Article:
Learning from Monuments to our Hypocrisy

Power brokers in politics, sports and entertainment have recently given us plenty of opportunities to click our tongues and preach to our kids about how power corrupts, yet those of us who are parents sometimes fail to recognize how that also applies to the power we hold over those kids.  “Do as I say, not as I do” is a parental dogma dating back centuries. Yet we all have our own private closets in which we store memories we want to keep away from the kids, whether they involve drinking, smoking, drugging or even sins worthy of a Hollywood closet.

Monuments to human hypocrisy are even posted in Little League ballparks, reminding parents not to harass umpires for any decisions going against their little ones. Such displays don’t only contradict the behavior lessons we attempt at home and expect our school teachers to impart, but they tell children that hypocrisy is normal—as normal as many instances presented in scripture.

Examples of such folly are laced throughout this Sunday’s Mass readings, too, and offer us a good opportunity for self-examination. In the first reading from Malachi (Mal 1:14b-2:2b, 8-10), we are reminded how far astray we’ve gone from the path we know is correct, and by doing so, allowed others to go in the wrong direction with us.

You have turned aside from the way, and have caused many to falter by your instruction; you have made void the covenant of Levi, says the LORD of hosts. … Have we not all the one father? Has not the one God created us? Why then do we break faith with one another, violating the covenant of our fathers?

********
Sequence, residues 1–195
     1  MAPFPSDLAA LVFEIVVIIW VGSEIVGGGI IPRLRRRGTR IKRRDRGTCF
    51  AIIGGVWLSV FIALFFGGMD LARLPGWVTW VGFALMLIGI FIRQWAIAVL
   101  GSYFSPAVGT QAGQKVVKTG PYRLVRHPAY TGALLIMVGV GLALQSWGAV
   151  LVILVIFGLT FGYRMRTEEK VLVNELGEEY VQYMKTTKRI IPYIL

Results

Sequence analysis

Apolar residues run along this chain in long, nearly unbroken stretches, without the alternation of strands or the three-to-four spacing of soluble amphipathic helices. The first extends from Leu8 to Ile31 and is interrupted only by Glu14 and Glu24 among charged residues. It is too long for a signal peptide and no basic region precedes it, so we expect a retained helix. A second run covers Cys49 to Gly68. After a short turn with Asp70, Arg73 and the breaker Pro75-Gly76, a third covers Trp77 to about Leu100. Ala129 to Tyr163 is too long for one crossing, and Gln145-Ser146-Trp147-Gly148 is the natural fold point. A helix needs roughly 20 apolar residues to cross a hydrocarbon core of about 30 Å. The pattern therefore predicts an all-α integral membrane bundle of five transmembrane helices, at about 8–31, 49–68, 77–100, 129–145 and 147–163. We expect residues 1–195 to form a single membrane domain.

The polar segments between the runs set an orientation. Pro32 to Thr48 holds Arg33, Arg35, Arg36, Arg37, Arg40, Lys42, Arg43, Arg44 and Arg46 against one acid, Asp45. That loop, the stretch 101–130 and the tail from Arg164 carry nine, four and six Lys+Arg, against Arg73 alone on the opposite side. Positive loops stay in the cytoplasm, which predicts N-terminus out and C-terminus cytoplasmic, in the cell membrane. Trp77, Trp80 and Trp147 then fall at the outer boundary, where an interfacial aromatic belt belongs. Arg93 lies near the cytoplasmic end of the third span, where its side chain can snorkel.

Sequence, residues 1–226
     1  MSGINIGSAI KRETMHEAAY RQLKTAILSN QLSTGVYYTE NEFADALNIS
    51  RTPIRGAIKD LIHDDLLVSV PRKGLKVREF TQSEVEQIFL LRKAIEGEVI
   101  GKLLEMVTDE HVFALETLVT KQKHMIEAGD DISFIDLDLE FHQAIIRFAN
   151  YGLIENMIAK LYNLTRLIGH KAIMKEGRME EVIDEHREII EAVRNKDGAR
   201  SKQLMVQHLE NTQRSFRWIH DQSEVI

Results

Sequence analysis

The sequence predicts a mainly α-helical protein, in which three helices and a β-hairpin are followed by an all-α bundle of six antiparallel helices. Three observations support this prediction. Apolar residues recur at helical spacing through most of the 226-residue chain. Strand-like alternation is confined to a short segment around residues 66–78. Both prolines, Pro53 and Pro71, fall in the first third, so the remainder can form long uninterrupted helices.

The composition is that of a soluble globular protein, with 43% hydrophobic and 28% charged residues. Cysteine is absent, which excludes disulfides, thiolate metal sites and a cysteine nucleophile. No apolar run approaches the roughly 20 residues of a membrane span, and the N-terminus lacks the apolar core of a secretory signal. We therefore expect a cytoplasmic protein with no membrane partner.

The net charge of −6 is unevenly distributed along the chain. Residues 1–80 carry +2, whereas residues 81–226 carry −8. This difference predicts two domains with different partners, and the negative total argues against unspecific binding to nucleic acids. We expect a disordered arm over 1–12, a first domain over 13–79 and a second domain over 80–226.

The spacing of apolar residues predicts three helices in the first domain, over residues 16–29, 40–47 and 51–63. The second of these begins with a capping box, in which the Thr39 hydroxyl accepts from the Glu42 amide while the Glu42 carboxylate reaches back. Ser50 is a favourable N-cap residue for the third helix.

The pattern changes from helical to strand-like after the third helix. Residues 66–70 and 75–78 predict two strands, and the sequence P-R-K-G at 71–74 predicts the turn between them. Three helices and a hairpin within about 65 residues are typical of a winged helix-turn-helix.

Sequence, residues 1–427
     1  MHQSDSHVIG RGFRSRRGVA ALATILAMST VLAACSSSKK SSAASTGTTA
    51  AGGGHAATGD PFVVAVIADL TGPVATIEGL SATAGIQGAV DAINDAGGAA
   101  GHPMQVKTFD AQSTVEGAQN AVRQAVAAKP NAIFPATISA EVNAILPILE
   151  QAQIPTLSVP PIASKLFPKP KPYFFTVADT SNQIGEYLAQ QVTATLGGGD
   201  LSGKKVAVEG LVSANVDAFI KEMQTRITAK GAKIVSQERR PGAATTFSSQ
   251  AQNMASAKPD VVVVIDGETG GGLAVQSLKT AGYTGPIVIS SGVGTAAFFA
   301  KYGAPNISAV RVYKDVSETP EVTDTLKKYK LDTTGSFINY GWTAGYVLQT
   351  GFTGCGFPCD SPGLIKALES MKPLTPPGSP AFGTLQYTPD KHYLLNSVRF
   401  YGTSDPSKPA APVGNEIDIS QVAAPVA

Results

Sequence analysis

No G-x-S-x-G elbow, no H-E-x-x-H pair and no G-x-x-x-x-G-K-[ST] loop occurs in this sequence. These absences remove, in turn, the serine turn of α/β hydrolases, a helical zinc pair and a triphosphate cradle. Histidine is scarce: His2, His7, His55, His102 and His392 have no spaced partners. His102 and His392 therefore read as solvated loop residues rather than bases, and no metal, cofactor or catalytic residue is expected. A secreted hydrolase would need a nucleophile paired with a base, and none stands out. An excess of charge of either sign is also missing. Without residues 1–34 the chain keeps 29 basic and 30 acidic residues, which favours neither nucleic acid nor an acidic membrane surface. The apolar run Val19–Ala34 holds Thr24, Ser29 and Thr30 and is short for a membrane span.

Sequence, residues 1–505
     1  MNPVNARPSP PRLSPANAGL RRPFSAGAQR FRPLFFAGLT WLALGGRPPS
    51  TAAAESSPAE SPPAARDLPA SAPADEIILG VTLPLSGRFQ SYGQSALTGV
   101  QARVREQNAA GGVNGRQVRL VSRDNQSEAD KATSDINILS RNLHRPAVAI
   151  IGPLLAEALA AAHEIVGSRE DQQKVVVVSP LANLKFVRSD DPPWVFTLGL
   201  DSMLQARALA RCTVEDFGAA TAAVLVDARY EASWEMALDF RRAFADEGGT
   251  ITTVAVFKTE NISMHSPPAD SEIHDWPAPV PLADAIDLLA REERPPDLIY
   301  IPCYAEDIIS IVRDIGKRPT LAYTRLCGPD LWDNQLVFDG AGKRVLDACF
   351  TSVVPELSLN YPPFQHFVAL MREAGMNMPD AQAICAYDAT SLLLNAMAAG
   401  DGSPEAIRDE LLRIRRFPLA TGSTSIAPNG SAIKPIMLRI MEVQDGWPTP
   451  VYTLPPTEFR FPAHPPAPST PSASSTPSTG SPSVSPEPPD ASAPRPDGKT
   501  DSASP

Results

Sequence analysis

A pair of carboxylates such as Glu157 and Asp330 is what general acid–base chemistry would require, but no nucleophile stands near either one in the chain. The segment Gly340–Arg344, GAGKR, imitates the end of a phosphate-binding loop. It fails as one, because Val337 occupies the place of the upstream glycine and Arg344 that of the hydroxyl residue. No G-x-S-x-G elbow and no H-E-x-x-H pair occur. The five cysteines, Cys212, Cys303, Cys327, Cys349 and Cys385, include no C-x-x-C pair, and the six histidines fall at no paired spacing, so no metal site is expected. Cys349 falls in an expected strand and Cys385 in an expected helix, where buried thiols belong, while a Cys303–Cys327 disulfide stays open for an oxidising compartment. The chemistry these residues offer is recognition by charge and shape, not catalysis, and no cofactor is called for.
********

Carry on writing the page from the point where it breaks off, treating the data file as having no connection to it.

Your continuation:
We have no better example of the parental ideal than that displayed by St. Paul, whose followers were as dear to him as his own children. He took to heart Christ’s directive not to cause his little ones to go astray, as he shows in his letter to the Thessalonians (1 Thes 2:7b-9, 13), which is our second reading:

With such affection for you, we were determined to share with you not only the gospel of God, but our very selves as well, so dearly beloved had you become to us. You recall, brothers and sisters, our toil and drudgery. Working night and day in order not to burden any of you, we proclaimed to you the gospel of God.

As usual, it’s the gospel that gives us the most accurate reflection of our behavior. As ancient as the gospels are, they are spot-on in describing all of our 21st century hypocrisies. We are not far removed from the power players Christ depicted in Matthew’s gospel reading excerpted this Sunday (Mt 23:1-12):

“The scribes and the Pharisees have taken their seat on the chair of Moses. Therefore, do and observe all things whatsoever they tell you, but do not follow their example. For they preach but they do not practice. They tie up heavy burdens hard to carry and lay them on people’s shoulders, but they will not lift a finger to move them. All their works are performed to be seen. … Whoever exalts himself will be humbled; but whoever humbles himself will be exalted.”

Nothing tells the truth like a good parable, and though the movie industry is chief among history’s moral hypocrites, it’s also a rich source of cinematic wisdom dating back to the silent era. Let’s close with an example from Sweden. The Phantom Carriage (1921) tells the legend of the Grim Reaper who collects souls as they depart this realm. Next on the Reaper’s list in this film is a man guilty of neglecting and abusing his wife and children and carelessly spreading the communicable disease with which he is infected. But just as Scrooge was in Dickens’ A Christmas Carol, this soul is given an opportunity to see how his behavior has scarred his family, and after the Reaper gives him a second chance, he tearfully prays: “Lord, let my soul come to maturity before it is reaped.”

A great prayer for all of us hypocrites.

–Tom Andel




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